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Kayak camping with a telescope?

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#1 jrbarnett

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Posted 12 January 2013 - 02:42 PM

I got a kayak for Christmas. I'm digging it. One of the better dark sky sites within an hour and a half of home is Lake Sonoma. Lake Sonoma is a recreation area managed by the Army Corps of Engineers. Obviously it has a lake. But also, it has a large number of "boat in" campsites that look to have very good horizons.

Now, obviously moisture is the enemy of optics and electronics. Dry bags, though, come in all sizes. I'm wondering if anyone has had the temerity to kayak camp with a telescope and mount, and if so, what telescope and mount, and how did you pack it in the Kayak?

Thanks!

- Jim

#2 mountain monk

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Posted 12 January 2013 - 03:08 PM

I kayak all the time with my 16x70 Fujis. Answer: Pelican case for the binos, dry bag (or nothing) for the Bogen tripod. Twelve foot kayak with a waterproof compartment--but I don't completely trust it.

Dark skies.

Jack

#3 jrbarnett

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Posted 12 January 2013 - 03:23 PM

Thanks Jack.

I'm thinking 20AH battery, Celestron 6/8 SE mount head and tripod, roll up solar panel and regulator, C6 OTA, 2P tent, compressed sleeping bag and foam pad, heavy fleece, Snow Peak stove and fuel canister, freeze dried food, water filter.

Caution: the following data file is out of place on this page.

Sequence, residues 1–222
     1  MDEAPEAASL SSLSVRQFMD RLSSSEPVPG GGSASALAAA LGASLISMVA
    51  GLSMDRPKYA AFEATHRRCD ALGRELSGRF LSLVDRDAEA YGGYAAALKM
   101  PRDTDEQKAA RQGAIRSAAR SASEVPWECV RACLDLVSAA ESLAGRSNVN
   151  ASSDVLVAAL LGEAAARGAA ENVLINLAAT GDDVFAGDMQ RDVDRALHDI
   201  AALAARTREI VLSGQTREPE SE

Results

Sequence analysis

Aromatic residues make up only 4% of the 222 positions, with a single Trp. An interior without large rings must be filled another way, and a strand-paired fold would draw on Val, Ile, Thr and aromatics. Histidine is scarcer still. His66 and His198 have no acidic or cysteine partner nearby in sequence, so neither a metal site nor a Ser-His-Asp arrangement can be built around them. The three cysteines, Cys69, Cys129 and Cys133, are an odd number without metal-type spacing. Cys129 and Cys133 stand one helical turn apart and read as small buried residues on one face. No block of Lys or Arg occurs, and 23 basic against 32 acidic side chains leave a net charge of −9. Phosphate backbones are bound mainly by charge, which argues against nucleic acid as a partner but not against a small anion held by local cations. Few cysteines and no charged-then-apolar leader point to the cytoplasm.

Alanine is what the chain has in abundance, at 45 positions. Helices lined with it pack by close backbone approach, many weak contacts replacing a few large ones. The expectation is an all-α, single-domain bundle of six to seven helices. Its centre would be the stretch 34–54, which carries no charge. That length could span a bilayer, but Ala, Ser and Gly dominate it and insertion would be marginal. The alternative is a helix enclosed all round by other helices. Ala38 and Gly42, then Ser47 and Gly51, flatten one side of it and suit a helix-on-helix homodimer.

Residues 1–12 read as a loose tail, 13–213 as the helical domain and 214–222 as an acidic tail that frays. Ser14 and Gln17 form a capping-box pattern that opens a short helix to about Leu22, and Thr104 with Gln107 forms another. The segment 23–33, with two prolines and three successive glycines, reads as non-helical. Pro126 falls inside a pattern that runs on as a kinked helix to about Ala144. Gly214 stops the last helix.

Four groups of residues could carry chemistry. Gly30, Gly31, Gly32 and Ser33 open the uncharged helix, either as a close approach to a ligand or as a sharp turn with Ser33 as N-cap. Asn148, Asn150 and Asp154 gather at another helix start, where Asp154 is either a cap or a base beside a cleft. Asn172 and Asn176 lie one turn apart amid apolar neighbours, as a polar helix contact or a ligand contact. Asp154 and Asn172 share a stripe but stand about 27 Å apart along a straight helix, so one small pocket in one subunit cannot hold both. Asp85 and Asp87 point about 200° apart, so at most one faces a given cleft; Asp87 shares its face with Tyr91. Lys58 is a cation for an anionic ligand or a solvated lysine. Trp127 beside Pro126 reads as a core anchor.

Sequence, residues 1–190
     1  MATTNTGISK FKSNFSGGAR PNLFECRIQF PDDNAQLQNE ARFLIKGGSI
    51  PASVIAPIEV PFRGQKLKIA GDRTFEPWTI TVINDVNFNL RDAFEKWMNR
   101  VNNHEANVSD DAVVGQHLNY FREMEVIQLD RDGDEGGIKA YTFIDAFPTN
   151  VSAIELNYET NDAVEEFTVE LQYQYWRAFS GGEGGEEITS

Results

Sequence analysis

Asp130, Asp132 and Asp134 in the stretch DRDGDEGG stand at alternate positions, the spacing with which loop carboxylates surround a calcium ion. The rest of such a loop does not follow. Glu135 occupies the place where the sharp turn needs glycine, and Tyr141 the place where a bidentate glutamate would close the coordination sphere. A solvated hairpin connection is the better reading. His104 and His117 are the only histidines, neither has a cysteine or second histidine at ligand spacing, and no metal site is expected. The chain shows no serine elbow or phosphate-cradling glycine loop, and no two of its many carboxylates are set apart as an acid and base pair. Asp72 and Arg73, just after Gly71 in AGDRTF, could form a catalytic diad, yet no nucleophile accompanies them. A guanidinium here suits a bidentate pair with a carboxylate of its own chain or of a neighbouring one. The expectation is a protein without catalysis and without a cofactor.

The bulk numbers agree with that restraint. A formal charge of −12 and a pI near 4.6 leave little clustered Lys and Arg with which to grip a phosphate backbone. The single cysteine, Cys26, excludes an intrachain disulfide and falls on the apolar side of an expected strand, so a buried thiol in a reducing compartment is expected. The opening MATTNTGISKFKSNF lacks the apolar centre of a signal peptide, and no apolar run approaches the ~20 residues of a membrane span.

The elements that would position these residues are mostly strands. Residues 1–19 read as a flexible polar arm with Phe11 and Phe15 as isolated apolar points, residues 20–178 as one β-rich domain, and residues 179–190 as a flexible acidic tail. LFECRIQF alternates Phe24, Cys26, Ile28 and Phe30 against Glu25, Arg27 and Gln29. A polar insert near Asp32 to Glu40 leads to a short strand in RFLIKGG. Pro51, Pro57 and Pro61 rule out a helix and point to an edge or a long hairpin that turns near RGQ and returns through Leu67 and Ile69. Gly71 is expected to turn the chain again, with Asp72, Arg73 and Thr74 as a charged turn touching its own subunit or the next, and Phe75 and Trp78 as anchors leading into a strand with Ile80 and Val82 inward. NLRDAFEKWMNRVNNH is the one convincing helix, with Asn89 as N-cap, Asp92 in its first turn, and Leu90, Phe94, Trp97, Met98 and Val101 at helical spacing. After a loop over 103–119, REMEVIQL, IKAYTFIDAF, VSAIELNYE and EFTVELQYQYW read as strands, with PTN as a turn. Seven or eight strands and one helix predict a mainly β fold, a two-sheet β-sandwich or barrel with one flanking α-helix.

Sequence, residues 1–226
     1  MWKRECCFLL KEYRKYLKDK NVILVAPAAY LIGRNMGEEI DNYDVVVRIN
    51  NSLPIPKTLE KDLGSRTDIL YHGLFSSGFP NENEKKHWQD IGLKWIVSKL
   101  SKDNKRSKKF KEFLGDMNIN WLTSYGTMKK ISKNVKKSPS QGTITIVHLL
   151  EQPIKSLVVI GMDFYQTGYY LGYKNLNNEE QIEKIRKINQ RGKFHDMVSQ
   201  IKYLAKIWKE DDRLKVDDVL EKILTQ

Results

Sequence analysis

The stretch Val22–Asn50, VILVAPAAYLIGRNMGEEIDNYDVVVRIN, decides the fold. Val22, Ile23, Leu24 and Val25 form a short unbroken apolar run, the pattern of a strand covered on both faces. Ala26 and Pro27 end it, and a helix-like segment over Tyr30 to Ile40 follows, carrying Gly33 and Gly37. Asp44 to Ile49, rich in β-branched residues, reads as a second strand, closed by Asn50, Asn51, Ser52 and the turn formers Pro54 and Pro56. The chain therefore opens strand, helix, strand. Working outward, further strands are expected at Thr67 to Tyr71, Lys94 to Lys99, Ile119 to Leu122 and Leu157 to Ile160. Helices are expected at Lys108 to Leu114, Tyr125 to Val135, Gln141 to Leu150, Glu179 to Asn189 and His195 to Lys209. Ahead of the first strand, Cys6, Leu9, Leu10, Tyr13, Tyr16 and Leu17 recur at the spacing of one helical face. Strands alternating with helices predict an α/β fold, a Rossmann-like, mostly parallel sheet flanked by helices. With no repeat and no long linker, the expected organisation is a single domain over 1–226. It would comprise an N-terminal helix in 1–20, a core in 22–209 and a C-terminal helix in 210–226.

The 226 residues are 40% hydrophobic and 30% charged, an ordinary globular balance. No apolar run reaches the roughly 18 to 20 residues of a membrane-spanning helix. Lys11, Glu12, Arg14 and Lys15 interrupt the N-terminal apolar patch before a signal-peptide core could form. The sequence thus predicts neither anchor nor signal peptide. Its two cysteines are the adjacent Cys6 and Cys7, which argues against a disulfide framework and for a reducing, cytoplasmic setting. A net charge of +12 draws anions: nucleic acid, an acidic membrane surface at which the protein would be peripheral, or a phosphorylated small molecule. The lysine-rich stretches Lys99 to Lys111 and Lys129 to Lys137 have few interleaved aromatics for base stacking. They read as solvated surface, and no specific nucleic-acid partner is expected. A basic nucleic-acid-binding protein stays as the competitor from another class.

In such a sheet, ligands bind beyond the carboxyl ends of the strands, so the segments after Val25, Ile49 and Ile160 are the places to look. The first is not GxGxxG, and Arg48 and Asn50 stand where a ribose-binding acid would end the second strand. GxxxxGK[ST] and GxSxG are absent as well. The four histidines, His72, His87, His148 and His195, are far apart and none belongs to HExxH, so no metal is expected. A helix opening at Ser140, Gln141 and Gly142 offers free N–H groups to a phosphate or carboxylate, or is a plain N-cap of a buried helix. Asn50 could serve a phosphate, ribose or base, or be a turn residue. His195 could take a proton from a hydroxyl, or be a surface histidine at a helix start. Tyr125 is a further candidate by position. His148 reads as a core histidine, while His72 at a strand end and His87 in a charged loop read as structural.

My kayak has no lidded dry storage. Instead it has a big rear deck with bungees that can accommodate a bunch of mid sized dry bags. Lots of storage fore and aft inside the kayak though.

Hmm...I may need a bigger kayak. :lol:

- Jim

#4 mountain monk

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Posted 12 January 2013 - 04:00 PM

One always needs a bigger kayak until you start portaging them!

Sounds like you are going to need to a collection of dry bags. Camping next to lakes is great for observing, especially is you have a view to the south.

Dark skies.

Jack

#5 mountain monk

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Posted 12 January 2013 - 04:14 PM

More. Keep the heavy objects inside the boat and forward. Otherwise the load strapped to the back will sink the stern too much and make it hard to steer. And, lots of weight on top will make you tippy. Test the bags; they are not all completely waterproof. And make sure they are all attached to the boat so you will not have to go swimming around after them if you dump. Been there, done that.

Dark skies.

Jack

#6 azure1961p

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Posted 12 January 2013 - 04:55 PM

Lol Jim, well almost...


I have a 17'5" sailing kayak with outriggers so it sails like a trimaran kayak. I bought another sail for it so its schooner rigged with a total of 70sq.ft. Of sail. I haven't packed my Ranger in it yet but surely it shall go...

For my piece of mind Ill have it sealed in a plastic bag with a twist tie then placed inside of a drybag and lastly my rear hatch BOLTS shut so not even air can escape. I also want to go kayak camping with my compound bow strictly for target archery and the same bag in a bag protection should suffice tho ill keep it above deck.

Beyond that I have no worries. The ONLY issue Im concerned with is that of salt air dewing. Not a lake issue to be sure but its a concern of mine with regard to observing and camping on a beach or behind a dune. I think battery powered dew removal is mandatory here for that.

The Ranger is on a plain Jane alt az tripod so no worry over electronics. Again my only concern is salty dew - it's a different beast altogether.

Pete

#7 kfiscus

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Posted 12 January 2013 - 06:37 PM

Or turn a dob INTO a kayak?

Seriously, though- temerity is the right word. Besides the water, the bumps would worry me. Good luck.